Patrick Star

From Wikipedia, the free encyclopedia
Jump to: navigation, search
Patrick Star
SpongeBob SquarePants character
Patrick Star
Patrick Star
First appearance "Help Wanted" (1999)
Created by Stephen Hillenburg
Voiced by Bill Fagerbakke
Information
Species Starfish
Gender Male
Relatives Parents: Herb and Margie[1]
Cousins: Gary[2]
Sister: Sam[3]
Ancestors: Patar[4]
Patrick Revere[5]
Pecos Patrick[5]

Patrick Star is a fictional character in the American animated television series SpongeBob SquarePants. He is voiced by actor Bill Fagerbakke, and first appeared on television in the series' pilot episode "Help Wanted" on May 1, 1999. Patrick was created and designed by marine biologist and animator Stephen Hillenburg.

Depicted as an overweight, dimwitted pink starfish, Patrick lives under a rock in the underwater city of Bikini Bottom next door to Squidward Tentacles' moai. His most significant character trait is his lack of common sense, which sometimes makes him a negative influence on his best friend, SpongeBob SquarePants. He is unemployed, but on some occasions working at the Krusty Krab, a local fast food restaurant, in a variety of positions.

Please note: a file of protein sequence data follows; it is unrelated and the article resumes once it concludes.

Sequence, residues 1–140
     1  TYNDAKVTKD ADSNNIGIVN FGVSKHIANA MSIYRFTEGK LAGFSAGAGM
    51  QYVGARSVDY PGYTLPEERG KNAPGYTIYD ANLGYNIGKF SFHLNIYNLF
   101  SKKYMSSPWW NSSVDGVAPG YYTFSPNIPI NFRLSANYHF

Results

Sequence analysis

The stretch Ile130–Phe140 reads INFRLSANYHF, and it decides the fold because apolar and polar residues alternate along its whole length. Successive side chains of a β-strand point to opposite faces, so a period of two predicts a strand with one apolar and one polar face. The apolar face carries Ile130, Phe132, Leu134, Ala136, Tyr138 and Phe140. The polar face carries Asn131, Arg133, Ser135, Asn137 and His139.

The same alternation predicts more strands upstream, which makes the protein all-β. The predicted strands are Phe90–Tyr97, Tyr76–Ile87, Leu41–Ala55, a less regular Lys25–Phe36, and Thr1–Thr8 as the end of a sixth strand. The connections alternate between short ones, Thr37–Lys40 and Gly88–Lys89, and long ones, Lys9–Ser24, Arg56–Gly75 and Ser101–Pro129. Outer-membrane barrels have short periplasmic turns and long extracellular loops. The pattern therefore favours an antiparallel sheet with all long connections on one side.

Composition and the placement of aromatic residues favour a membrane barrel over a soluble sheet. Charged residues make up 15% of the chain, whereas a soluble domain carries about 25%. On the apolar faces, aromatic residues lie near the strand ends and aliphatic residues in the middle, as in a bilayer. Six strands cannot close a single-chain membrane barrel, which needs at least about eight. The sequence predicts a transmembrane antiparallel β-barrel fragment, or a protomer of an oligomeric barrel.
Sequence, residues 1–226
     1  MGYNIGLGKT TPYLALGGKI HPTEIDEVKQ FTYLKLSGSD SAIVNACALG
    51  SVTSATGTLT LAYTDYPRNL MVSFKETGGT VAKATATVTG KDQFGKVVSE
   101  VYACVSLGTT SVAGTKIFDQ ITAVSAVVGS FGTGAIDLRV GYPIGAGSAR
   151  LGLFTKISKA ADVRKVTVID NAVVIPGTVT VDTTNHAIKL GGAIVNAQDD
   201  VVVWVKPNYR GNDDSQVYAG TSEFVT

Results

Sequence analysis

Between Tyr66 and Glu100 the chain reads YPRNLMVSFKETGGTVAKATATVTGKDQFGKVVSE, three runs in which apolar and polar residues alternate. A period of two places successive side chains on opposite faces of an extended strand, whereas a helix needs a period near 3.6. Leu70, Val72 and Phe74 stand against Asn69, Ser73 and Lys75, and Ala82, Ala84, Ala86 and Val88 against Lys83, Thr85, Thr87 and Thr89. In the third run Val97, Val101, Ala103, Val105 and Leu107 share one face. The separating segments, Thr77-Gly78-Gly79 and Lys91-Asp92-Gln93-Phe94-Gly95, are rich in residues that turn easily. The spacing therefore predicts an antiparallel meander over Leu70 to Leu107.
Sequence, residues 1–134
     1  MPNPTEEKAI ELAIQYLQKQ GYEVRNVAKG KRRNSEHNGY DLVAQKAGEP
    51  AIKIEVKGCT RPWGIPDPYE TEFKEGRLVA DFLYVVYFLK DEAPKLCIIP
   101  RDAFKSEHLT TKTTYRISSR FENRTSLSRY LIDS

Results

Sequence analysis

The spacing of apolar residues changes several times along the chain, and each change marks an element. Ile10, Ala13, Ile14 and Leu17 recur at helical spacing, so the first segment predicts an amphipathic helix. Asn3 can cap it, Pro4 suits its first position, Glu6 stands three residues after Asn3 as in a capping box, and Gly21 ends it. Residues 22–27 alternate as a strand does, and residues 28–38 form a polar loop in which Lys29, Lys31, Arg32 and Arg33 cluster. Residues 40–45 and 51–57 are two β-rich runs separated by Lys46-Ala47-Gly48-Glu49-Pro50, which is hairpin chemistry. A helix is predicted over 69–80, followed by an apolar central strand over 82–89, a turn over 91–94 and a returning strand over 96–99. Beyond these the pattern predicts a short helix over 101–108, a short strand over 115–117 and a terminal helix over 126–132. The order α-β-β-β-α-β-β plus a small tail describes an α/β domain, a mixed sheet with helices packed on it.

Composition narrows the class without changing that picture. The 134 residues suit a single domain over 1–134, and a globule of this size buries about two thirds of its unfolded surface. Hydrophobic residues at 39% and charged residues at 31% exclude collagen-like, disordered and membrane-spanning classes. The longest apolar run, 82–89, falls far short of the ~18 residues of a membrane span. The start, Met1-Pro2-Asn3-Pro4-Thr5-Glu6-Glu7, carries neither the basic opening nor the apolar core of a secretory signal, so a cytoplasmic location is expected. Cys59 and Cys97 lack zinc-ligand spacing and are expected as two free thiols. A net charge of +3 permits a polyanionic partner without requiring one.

The character has received positive reactions from critics and fans alike; however, he has been involved in several public controversies, including one centered around speculation over his relationship with SpongeBob. Patrick has been included in various SpongeBob SquarePants-related merchandise, including trading cards, video games, plush toys and comic books.

Role in SpongeBob SquarePants[edit]

Patrick is the loveably ignorant best friend of main character SpongeBob SquarePants. He is portrayed as being an overweight, dimwitted, pink starfish residing in the underwater city of Bikini Bottom.[6] Patrick has been shown to make many ludicrous mistakes; despite this, he has occasionally been portrayed as a savant, with articulate observance to certain subjects in specific detail. However, he always reverts quickly back to his usual, unintelligent self after displaying a moment of wisdom.[7] He holds no form of occupation except for several very brief stints working at the Krusty Krab in a variety of positions,[8] and mostly spends his time either clowning around with SpongeBob or lounging beneath the rock under which he resides.